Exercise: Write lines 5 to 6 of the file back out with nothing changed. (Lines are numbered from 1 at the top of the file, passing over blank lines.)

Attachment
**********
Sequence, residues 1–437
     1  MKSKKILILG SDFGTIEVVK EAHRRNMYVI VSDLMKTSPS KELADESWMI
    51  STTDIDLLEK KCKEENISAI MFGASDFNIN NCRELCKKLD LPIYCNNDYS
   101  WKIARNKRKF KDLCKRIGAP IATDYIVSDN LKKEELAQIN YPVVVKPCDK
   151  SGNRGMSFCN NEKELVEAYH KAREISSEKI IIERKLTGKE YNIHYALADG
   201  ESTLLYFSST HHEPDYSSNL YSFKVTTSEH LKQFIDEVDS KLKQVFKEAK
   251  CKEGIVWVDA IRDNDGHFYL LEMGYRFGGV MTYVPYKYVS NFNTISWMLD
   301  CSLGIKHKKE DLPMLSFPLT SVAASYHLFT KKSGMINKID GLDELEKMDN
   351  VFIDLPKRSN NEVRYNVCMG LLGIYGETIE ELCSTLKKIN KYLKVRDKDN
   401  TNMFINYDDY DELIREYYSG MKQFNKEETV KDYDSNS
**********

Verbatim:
   151  SGNRGMSFCN NEKELVEAYH KAREISSEKI IIERKLTGKE YNIHYALADG
   201  ESTLLYFSST HHEPDYSSNL YSFKVTTSEH LKQFIDEVDS KLKQVFKEAK